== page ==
Negotiation: A Compromising Position

Negotiating is a hot topic these days for a good reason. It is difficult to imagine a more vital managerial skill than the skill of negotiating. Effective managers must be superior negotiators. Without solid negotiating abilities, managers will inevitably make serious mistakes in dealing with people at all levels, both inside and outside their organizations. As negotiators, managers must concern themselves with substantive issues and their continuing relationships with people. If they push too much, they may create hard feelings and a desire to exact revenge. If they are overly concerned about getting along with others, they may lose in many substantive areas, thereby negatively impacting upon their department and their organization.

Successful negotiating involves trading-off between getting along with people and getting what you want. All negotiators face this dilemma: "How can I get what I really desire and yet maintain a friendly relationship with the other side?" Those who can achieve these seemingly contradictory objectives have mastered the art of negotiating. Negotiation is a discussion between two or more people with the goal of reaching an amicable agreement on issues separating the parties when neither side has the power nor the desire to use its power to get its own way.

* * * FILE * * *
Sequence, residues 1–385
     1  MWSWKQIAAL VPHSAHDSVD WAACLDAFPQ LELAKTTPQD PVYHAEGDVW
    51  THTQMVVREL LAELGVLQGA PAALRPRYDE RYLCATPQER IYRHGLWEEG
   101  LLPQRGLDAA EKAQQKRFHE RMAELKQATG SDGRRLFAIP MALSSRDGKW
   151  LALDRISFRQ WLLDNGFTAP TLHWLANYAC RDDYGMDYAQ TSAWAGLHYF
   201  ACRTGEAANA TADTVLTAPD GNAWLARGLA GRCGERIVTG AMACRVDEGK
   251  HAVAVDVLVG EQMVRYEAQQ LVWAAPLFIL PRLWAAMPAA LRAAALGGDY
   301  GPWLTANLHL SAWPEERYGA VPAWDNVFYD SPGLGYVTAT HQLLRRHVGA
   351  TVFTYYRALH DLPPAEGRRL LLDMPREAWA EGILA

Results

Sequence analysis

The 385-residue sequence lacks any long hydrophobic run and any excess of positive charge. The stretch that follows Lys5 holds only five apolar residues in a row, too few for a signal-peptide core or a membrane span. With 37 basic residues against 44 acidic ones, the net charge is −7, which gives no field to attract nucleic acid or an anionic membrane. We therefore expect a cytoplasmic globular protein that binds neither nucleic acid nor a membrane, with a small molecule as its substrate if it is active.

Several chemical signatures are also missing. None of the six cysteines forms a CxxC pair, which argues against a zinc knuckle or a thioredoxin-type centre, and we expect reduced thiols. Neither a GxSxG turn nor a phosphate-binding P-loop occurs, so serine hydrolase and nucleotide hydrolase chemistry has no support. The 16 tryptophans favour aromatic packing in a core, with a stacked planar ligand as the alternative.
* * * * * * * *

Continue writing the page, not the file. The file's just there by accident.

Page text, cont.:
Collaborating is one of several problem-solving approaches, however collaborating looks for a workable solution and even-handedly explores the needs of the parties until they are reasonably satisfied. Its advantages are that both sides can win big and collectively find solutions, ideas, and outcomes that go beyond the scope of the individual parties involved. Personal relationships can improve rather than deteriorate. Its pitfalls are that it can be extremely time-consuming, and that negotiators with a forcing style may interpret this approach as weakness.

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CEO, A.E. Schwartz & Associates, Boston, MA., a comprehensive organization which offers over 40 skills based management training programs. Mr. Schwartz conducts over 150 programs annually for clients in industry, research, technology, government, Fortune 100/500 companies, and nonprofit organizations worldwide. He is often found at conferences as a key note presenter and/or facilitator. His style is fast-paced, participatory, practical, and humorous. He has authored over 65 books and products, and taught/lectured at over a dozen colleges and universities throughout the United States.

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